GLENS FALLS — U.S. Rep. Elise Stefanik, R-Schuylerville, said Monday she supports President Donald Trump’s executive orders signed over the weekend to provide COVID-19 relief.
Trump signed orders to allow unemployed workers to receive an additional $400 weekly supplemental unemployment benefit. This is less than the benefit of $600 per week that people had been receiving, which had expired at the end of July. The president is asking states to cover 25% of the benefit.
In addition, he ordered a deferral of the payroll tax and federal student loan payments and a continuation of a freeze on some evictions.
Critics have questioned whether the president has the authority to take this action.
On Monday, during a visit to Glens Falls Hospital, Stefanik said she supported the president’s orders. She said she is disappointed that Democratic House Speaker Nancy Pelosi and Sen. Charles Schumer, D-N.Y., “walked away” from a legislative coronavirus relief package.
People are also reading…
“There were multiple proposals from Republicans to come to a compromise. I still think Congress needs to act on a bipartisan COVID bill,” Stefanik said.
Stefanik supports the reduction of the $600-per-week supplemental unemployment benefit. She said businesses have told her that they are having difficulty finding workers because they are collecting more money in benefits than they were working.
Stefanik said believes that relief for state and local governments is needed and she has sponsored a bipartisan bill called the SMART Act to provide $500 billion for that effort.
Rural hospitals such as Glens Falls Hospital would likely need additional funds, she said.
Stefanik presented a proclamation to the hospital thanking its staff for their efforts during the pandemic. Bill Powers, chairman of the hospital’s board, in turn presented Stefanik with a plaque containing a resolution thanking the congresswoman for her efforts to obtain $44 million in funding for the hospital.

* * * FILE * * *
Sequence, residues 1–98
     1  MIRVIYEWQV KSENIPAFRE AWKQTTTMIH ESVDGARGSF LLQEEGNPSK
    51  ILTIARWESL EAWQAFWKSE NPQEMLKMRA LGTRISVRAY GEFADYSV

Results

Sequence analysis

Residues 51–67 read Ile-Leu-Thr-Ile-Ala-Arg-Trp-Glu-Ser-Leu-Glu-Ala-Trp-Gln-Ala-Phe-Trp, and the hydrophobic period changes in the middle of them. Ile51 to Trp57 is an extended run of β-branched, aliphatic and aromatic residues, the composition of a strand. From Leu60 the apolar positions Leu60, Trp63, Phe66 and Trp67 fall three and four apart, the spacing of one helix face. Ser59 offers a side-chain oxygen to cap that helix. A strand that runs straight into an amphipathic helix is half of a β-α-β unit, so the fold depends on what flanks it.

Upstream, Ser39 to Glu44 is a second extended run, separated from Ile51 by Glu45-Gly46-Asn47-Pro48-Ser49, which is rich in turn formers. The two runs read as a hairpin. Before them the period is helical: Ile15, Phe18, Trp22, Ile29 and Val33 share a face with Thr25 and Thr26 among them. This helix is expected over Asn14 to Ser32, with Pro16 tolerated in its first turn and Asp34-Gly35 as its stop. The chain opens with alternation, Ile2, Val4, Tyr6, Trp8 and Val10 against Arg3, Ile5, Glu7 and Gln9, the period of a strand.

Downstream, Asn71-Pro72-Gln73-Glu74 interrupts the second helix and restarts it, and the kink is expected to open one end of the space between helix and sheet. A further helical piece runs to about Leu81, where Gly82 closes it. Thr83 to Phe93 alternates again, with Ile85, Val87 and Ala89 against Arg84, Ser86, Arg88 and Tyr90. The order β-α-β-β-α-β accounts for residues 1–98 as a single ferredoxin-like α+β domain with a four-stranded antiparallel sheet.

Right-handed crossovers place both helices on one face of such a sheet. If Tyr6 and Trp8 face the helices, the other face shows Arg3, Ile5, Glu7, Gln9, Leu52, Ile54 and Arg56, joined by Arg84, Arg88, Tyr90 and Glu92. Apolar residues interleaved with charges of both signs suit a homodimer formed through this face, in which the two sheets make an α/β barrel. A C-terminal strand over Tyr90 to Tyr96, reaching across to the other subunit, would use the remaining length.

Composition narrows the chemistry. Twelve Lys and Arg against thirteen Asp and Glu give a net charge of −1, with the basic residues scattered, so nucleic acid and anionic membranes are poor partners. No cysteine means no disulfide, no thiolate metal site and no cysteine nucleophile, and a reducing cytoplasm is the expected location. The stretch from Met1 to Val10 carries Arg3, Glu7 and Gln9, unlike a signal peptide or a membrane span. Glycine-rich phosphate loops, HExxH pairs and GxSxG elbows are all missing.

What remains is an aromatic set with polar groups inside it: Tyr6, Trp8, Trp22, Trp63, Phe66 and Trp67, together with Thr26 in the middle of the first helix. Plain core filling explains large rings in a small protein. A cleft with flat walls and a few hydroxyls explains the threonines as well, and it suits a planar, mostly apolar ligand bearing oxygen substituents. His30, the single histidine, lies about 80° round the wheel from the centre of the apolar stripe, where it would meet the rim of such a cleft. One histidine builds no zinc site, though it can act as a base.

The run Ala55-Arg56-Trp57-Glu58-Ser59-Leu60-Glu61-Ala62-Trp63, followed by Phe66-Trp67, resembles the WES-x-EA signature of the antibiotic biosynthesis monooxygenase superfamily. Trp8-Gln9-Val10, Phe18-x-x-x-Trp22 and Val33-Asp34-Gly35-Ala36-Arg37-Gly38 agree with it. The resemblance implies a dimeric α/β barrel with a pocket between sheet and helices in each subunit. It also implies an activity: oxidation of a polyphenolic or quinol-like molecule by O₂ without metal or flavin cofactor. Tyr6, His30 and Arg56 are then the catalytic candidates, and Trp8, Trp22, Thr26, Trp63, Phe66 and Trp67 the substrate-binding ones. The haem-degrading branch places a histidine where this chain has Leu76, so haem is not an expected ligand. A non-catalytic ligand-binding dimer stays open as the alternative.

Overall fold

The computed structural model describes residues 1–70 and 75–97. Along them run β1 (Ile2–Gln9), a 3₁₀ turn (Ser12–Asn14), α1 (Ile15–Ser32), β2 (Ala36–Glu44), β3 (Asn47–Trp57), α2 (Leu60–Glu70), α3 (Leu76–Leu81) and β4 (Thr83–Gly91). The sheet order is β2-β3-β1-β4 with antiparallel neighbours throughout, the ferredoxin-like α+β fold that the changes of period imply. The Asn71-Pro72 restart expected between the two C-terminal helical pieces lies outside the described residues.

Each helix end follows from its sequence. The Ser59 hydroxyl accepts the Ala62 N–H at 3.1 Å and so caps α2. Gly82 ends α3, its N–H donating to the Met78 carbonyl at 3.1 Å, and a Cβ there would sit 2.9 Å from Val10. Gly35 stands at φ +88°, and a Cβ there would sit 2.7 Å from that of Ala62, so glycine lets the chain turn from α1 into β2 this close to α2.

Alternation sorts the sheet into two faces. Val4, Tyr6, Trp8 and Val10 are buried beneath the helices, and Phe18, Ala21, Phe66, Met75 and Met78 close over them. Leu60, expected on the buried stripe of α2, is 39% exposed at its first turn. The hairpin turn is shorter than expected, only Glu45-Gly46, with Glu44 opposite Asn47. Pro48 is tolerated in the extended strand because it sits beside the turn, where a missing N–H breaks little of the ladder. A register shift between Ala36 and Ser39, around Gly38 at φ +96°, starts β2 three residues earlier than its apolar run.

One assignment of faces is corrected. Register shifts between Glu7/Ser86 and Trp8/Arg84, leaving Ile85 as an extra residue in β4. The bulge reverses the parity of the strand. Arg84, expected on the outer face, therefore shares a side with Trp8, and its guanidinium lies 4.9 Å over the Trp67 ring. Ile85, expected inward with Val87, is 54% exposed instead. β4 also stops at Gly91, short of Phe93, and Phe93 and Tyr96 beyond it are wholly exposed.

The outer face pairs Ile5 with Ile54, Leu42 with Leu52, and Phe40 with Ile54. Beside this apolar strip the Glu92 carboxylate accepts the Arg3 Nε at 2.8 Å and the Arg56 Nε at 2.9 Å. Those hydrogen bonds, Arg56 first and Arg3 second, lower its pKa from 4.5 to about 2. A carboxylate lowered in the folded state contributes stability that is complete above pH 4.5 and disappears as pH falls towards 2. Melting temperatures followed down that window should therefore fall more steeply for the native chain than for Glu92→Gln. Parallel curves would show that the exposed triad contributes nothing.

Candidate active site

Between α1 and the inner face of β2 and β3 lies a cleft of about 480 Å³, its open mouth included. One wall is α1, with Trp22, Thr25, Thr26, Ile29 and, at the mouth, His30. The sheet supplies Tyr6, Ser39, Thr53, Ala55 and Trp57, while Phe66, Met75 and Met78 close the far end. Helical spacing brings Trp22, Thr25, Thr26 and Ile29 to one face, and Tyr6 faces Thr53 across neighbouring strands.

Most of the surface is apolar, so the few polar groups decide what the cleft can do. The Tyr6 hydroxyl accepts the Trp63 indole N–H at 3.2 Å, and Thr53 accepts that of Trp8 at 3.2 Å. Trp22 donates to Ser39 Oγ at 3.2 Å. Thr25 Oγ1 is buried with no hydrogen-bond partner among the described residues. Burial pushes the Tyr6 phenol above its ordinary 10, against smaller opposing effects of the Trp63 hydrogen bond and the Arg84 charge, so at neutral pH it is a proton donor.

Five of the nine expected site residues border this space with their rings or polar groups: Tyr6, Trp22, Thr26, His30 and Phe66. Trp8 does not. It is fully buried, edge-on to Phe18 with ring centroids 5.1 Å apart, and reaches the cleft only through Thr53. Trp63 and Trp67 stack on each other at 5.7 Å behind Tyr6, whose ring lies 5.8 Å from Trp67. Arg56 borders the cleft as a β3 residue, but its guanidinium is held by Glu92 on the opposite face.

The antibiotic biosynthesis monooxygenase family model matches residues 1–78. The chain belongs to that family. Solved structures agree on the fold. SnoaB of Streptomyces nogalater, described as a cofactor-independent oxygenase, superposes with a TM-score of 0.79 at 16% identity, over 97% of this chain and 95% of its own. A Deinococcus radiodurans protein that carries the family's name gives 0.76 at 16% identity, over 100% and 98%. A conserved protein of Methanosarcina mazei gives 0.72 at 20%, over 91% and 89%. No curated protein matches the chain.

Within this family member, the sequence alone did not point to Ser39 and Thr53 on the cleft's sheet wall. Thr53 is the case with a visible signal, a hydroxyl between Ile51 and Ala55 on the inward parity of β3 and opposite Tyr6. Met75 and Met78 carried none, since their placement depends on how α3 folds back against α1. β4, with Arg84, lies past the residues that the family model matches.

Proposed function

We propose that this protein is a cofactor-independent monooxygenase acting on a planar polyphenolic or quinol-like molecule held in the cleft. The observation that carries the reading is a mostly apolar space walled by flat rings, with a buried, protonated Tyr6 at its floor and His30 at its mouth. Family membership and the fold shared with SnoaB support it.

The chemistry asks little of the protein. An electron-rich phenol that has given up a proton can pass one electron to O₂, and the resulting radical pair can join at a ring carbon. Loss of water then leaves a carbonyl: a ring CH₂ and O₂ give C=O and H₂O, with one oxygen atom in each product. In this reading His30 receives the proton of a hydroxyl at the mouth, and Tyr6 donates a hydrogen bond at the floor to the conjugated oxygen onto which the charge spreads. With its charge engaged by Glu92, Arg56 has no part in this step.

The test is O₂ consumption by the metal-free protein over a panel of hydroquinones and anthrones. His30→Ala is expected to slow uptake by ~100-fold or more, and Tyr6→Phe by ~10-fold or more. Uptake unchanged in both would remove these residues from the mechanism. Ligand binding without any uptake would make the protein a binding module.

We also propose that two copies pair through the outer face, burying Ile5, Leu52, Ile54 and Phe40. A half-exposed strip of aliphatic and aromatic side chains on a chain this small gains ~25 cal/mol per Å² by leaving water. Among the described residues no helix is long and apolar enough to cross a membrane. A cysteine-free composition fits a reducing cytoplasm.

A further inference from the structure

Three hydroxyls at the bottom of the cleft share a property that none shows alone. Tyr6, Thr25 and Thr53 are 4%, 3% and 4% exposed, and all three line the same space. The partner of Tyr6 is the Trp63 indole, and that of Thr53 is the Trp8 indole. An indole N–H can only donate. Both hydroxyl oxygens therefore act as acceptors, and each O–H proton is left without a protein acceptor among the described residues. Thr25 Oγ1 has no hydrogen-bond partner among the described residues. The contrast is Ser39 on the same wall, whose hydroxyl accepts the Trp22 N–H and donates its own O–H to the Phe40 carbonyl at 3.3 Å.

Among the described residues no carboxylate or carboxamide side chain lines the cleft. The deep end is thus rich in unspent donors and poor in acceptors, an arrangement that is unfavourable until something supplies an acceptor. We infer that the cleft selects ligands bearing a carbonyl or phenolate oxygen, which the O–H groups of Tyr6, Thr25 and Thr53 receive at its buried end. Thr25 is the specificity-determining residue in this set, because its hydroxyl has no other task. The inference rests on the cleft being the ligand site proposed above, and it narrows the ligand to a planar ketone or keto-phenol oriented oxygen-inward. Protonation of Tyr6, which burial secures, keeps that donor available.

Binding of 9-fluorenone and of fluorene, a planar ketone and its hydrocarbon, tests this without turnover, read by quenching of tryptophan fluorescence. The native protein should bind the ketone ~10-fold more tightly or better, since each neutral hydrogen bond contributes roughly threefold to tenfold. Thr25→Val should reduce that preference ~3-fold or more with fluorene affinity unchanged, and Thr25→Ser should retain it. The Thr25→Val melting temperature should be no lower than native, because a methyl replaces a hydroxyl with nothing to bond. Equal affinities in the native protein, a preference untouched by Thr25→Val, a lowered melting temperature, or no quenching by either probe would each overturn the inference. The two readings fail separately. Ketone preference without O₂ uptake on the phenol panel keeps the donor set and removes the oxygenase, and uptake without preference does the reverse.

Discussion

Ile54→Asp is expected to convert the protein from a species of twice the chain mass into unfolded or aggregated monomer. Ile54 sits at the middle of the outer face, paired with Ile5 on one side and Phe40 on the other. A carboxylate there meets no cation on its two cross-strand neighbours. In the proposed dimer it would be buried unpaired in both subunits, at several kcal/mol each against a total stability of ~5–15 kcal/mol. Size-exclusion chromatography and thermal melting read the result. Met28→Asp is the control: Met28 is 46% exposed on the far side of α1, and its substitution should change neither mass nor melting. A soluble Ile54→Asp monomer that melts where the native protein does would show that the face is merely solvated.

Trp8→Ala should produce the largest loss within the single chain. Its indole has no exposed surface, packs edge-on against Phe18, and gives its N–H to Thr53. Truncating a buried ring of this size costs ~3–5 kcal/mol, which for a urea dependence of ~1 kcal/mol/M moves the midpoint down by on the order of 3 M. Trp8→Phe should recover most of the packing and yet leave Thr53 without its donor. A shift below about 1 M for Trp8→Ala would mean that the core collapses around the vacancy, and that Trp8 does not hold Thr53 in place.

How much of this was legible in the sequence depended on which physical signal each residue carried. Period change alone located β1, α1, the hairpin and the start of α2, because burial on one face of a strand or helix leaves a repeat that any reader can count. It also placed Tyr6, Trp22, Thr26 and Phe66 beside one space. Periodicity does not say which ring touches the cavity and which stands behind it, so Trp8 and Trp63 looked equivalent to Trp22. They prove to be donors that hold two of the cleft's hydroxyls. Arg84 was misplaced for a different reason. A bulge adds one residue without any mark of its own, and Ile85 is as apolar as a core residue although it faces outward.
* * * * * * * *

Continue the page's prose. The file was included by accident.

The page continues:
This includes $21 million in advance payments that the hospital was due to receive from Medicare. The hospital’s application was in limbo and Stefanik contacted the U.S. Department of Health and Human Services to expedite the process.
Stefanik said she is working on additional legislation to forgive that loan.
Glens Falls Hospital also received $23.4 million from the CARES Act federal stimulus package. Included in that is $4.1 million that the hospital received after Stefanik successful lobbied for the funding formula to be rewritten.
The funding from the Health Resources and Services Administration goes to hospitals serving a large percentage of people in rural areas. Hospital spokesman Ray Agnew said the way the census tracts were drawn, Glens Falls Hospital was excluded from this funding.
The hospital has been seeking to apply to be a Sole Community Hospital because it serves so many rural residents. This would give the hospital an immediate 7% boost in Medicare reimbursements and potentially future increases.
However, the hospital has not been eligible because hospitals must be at least 25 miles, or 45 minutes, from another hospital. Saratoga Hospital is about 19 miles away.
Stefanik said it is particularly important for the hospital to have adequate funding because it has such a significant percentage of patients who are seniors.
Agnew said the hospital is “hanging in there” financially. It is starting to see more patients for various services.
“We brought back almost all of our furloughed workers, which is fantastic,” he said.
The hospital had furloughed 337 workers as the pandemic resulted in a shutdown of all elective surgeries.
Agnew said the hospital still struggles because about 80% of the patients are eligible for Medicaid or Medicare and those reimbursements for services are typically lower.
This is the mirror image of other hospitals, which have 20% Medicaid or Medicaid patients.
In a question-and-answer period with reporters on Monday, Stefanik answered questions about election interference and police reform.
She said the United States has to guard against threats of election interference from not only Russia, but China, Iran and North Korea. She has sponsored legislation that would provide funding for state boards of elections to help local precincts improve their election security.
She also said she has sponsored legislation that would ban use of police chokeholds and provide funding for improved police training. Stefanik said it is important for police departments to make sure they have the resources they need.